Julius Caesar Research Paper

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Considered to be one of the greatest military commanders in history, Gaius Julius Caesar was known for his political capabilities and unique military strategies, and till date, he’s celebrated and idolized by many people for his extreme intelligence and the way he used it to create revolutionary ideas. He had held just about every important title in the Roman Republic be it consul, tribune of the people, high commander of the army or the high priest. Caesar’s rise to power was earned through winning many battles. He won spectacular victories even when he was outnumbered. Throughout his lifetime, he conquered modern France and Germany as well as invading Britain. He used his own military strategy which is unlike any others that time. Most leaders…show more content…
He would first send in the weakest of his soldiers then afterwards, will order the middle strength group as to help the first troops. Finally, he would command the final assault in which his finest trained and elite soldiers would enter the battle to finish off anyone that the previous troops hadn’t managed to kill off. Caesar was greatly credited for his war efforts but also won the favor of the citizens by simple contributions such as: giving work and land to the poor, land and luxuries to the past members of his military and making war enemies his own comrades after defeating them. But Julius Caesar’s greatest contribution of all was that he made it possible for Rome to be ruled in peace, justice, sanctity and prosperity after the passing of his…show more content…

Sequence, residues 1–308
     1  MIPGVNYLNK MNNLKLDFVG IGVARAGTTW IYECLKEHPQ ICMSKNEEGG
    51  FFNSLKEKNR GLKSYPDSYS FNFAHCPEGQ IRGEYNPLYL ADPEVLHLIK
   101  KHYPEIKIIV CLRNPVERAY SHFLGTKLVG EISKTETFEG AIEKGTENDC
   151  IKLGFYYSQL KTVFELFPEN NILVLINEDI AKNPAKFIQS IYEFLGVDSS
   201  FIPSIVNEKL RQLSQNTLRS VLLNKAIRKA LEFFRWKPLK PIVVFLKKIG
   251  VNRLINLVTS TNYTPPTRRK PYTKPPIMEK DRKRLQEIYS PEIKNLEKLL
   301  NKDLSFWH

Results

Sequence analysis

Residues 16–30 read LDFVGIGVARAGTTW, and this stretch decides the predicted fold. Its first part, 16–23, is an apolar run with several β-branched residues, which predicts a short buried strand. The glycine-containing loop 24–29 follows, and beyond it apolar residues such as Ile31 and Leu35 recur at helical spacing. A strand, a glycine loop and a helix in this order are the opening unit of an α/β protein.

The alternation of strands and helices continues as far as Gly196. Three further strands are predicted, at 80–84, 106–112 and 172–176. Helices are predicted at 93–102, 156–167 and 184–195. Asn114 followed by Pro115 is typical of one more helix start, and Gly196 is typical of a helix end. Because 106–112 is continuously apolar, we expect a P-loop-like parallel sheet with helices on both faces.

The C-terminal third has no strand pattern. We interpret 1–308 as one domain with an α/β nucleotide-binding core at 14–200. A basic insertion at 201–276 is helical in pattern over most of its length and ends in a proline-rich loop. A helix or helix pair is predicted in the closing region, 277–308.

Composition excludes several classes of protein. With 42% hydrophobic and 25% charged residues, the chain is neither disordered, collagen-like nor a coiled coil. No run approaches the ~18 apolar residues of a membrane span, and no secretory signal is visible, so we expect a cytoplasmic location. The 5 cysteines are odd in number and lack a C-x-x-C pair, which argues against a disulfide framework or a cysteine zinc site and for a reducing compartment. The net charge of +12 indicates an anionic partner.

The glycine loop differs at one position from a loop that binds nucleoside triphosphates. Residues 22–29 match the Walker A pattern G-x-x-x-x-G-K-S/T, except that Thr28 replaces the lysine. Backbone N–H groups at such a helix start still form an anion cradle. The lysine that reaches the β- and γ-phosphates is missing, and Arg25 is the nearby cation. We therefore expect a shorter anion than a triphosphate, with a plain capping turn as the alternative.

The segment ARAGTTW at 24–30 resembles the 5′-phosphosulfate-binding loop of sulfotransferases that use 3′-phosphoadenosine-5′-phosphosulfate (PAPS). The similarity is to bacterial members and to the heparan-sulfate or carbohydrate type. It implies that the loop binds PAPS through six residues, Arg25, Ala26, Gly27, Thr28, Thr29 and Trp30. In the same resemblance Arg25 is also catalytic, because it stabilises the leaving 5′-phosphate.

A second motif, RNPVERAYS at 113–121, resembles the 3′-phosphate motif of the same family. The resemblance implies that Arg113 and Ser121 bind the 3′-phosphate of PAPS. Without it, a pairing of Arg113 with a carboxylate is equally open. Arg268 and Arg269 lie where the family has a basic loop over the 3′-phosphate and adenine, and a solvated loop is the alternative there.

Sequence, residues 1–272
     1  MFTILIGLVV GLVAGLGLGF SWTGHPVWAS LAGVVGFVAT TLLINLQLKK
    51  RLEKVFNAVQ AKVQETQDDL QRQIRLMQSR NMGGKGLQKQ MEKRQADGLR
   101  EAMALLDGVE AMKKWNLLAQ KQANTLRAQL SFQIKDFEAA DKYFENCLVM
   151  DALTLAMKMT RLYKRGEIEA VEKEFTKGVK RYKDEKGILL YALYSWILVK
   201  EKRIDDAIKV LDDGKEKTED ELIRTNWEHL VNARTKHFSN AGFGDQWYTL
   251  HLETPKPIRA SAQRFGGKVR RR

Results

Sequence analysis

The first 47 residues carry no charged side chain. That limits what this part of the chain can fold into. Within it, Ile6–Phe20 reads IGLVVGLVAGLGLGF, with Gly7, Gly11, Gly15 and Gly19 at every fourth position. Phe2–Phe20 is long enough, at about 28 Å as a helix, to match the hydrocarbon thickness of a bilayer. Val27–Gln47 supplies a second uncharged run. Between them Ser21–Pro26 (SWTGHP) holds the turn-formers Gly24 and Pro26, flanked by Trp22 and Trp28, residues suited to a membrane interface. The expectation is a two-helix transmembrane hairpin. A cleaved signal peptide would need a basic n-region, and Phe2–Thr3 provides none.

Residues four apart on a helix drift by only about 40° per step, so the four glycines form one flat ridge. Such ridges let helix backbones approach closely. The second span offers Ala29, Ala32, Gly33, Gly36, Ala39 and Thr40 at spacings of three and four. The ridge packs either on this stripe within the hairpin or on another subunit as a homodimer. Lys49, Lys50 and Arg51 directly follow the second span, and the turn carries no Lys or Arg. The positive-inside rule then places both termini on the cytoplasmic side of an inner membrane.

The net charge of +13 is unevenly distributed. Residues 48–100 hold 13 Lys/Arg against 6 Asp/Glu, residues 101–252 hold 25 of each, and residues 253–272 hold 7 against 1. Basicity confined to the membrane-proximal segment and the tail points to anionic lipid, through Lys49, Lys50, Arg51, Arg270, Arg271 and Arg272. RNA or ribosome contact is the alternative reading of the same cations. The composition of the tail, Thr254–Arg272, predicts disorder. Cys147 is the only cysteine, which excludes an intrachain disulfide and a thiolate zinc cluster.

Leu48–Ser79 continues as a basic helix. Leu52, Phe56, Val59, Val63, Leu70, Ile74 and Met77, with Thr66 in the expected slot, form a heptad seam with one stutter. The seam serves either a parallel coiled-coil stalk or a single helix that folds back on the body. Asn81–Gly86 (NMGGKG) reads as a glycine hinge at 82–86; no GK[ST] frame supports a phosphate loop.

They also have their own weaknesses that could possibly bring their own downfall. Even the strongest leaders have their own weaknesses. In fact, we all do. Julius Caesar was no exception. Power has its own advantages and disadvantages. “I came, I saw, I conquered.” This is perhaps the most famous line spoken by the Roman dictator, Julius Caesar. Ironically, Caesar’s most powerful and strongest point was also one of his flaws and the reason of his own downfall; his ambition. He had become overconfident, ignorant and thought of himself as invincible. “What we wish, we readily believe, and what we ourselves think, we imagine others think also.” Caesar said so himself that we human beings have the tendency to be entitled to our own opinions and that the more we convinced ourselves that they are true, we are more than ready to start to believe they are. Thus, we human beings succumb to ignorance, we assume that if we think it to be true, then everyone else must agree and think so too or otherwise they are wrong and falsely informed. Because he was adored, respected and feared by many, Caesar believed that no one is foolish enough to attempt and assassinate him. He was aware that he had made many enemies among the senators because of his dictatorship and his rise to maximum power but he refused to think about the possibilities, reasoning that they wouldn’t dare bring Rome to the brink of yet another civil war. A

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